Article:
Hizbullah chief Hassan Nasrallah on Wednesday (February 16) boasted that his Iran-backed party is now capable of using unmanned aerial vehicles (UAVs), commonly known as drones, to turn its missiles into precision-guided weapons.
He even claimed, during a televised address, that it is willing to sell its weapons, inviting interested parties to "fill out an application", Lebanese media outlets reported.
"We now possess the ability to turn our thousands of rockets into precision-guided missiles," he said, claiming that the party started doing this "years ago".
"We have already transformed a lot of our missiles," he said, going on to issue a threat to Lebanon's neighbour, Israel.
Nasrallah's revelation comes just a week after Iran's Islamic Revolutionary Guard Corps (IRGC) announced the development of a surface-to-surface missile with a stated range of 1,450km -- a range that would put Israel within reach.
The IRGC's Sepahnews website said the missile, named the Khaybarchekan, "runs on solid fuel and is capable of penetrating anti-missile systems".
Iranian Armed Forces chief of staff Mohammad Bagheri described it as a "strategic long-range" missile, and noted that Iran was "self-sufficient in terms of military equipment", AFP reported.
On December 24, the Islamic Republic fired 16 ballistic missiles to conclude military drills IRGC officials described as a "warning to Israel".
Bagheri said Iran could become one of the world's largest arms exporters if US sanctions were lifted, as observers questioned the timing of such remarks and activities, in light of the ongoing nuclear deal negotiations.
Iran is engaged in talks with world powers to revive a 2015 nuclear deal that offered sanctions relief in exchange for curbs on its nuclear programme.
Since the start of the Syrian conflict, Israel has carried out hundreds of air strikes, targeting Syrian regime positions as well as Iran-backed forces and Hizbullah fighters, AFP reported.
In his televised speech, delivered during a ceremony to mark the deaths of high-level party officials, Nasrallah said Hizbullah has been working on improving its military capabilities.
He claimed that in the summer of 2021, Hizbullah had conducted the largest training exercise since its formation in the early 1980s.
He also noted that the party's missiles are not stored in one place but are scattered throughout Lebanon -- a matter that already has stoked anger in Lebanon, as some weapon depots are situated in residential areas.
Lebanese from across the political spectrum have complained that Hizbullah is exposing the entire country to unwanted danger by storing Iranian-made missiles, explosives and ammunition in depots deep in civilian areas.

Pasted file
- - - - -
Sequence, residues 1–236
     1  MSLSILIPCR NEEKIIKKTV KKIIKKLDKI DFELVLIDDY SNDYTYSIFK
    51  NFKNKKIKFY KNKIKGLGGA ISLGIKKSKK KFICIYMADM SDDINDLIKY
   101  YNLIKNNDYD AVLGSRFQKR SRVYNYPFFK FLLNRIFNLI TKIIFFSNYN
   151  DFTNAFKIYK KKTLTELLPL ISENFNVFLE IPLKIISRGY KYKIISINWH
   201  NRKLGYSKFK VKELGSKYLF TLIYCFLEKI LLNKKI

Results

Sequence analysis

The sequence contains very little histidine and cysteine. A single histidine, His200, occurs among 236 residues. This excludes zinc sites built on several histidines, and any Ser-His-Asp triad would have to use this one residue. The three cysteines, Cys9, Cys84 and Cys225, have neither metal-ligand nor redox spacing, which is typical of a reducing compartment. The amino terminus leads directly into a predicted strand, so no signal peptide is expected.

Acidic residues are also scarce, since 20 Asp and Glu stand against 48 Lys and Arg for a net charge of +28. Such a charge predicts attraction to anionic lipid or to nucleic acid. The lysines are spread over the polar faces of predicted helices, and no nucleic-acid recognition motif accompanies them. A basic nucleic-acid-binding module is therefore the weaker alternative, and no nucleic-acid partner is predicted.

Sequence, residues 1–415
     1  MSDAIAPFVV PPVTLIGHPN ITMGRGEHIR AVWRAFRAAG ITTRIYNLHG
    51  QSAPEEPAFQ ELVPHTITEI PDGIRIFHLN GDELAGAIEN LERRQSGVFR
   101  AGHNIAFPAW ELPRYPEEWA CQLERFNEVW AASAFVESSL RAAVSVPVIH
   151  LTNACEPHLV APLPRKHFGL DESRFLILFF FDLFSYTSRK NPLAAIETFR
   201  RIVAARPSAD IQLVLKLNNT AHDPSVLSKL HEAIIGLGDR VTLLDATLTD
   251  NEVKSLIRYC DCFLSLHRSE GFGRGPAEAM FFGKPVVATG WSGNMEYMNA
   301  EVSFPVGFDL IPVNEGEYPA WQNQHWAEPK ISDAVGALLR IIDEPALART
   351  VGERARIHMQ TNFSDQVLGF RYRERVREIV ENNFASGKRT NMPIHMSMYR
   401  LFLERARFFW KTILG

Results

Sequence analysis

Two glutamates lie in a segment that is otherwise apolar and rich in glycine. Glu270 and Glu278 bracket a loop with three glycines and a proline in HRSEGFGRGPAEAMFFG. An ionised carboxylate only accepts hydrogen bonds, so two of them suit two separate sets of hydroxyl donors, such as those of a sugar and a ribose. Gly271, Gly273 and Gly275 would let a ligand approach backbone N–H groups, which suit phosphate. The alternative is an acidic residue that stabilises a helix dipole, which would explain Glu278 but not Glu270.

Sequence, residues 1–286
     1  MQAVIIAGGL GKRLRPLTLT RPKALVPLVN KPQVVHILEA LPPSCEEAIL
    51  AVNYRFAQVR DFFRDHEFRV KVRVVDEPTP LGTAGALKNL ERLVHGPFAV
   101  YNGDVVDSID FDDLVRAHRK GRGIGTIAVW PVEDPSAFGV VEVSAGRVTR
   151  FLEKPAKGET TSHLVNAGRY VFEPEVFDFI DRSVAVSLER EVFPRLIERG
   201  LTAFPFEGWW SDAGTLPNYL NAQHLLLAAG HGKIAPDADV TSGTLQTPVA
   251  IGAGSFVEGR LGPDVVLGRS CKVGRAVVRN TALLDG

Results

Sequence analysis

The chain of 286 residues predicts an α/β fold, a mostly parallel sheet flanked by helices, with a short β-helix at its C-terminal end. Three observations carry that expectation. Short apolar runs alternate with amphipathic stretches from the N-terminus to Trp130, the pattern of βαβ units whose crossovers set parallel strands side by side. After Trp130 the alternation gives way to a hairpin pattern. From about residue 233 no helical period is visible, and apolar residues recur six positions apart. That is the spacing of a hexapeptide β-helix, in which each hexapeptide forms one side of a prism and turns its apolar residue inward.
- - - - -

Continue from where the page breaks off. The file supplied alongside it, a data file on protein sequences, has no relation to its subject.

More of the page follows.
Nasrallah has not sought to hide that the party has been storing Iranian-supplied missiles in the southern suburb of Beirut and the Bekaa Valley.
And in a December 28, 2020, interview that aired on al-Mayadeen satellite TV, he boasted that "the number of precision missiles the resistance possesses is double what it was a year ago".
In addition to threatening Israel, should it attempt to target Hizbullah's weapons inside Lebanon, Nasrallah derided the Lebanese authorities, saying the party does not fear any national dialogue over its weapons, Naharnet reported.
"Our strategy is clear, and let them demonstrate their strategy to us instead of insults and slurs," he said, in an apparent reference to his detractors in the Lebanese government.
Pushback on Bahrain
Nasrallah also pushed back on Lebanon's February 10 decision to ban Hizbullah-linked Bahraini opposition forces from holding two events in the country.
Hizbullah had previously hosted a January 12 conference in Lebanon for Saudi opposition figures and Houthi officials.
Nasrallah's remarks came shortly after Israeli Prime Minister Naftali Bennett on February 15 concluded a landmark visit to Bahrain, AFP reported.
"This was a very successful visit, warm reception, strong connection, very open atmosphere," Bennett said at the end of his visit, 17 months after Israel and Bahrain ended decades of tensions to normalise ties.
Bennett, the first Israeli head of government to visit Bahrain, said the trip had offered a very "different atmosphere in the Arab-Israeli relationship".
"It is a new model; it is a good model," he said, adding that his goal is to "create a ring of alliances between Israel and Arab countries in the region".
Bennett's Bahrain trip follows a visit by Israeli Defence Minister Benny Gantz earlier this month that saw the two countries sign a defence agreement.
"The fault lines used to be between Arabs and Israelis," Bennett said, adding that now the divisions were between them and the "agents of terror and chaos" -- an apparent reference to Iran and its proxies, including Hizbullah.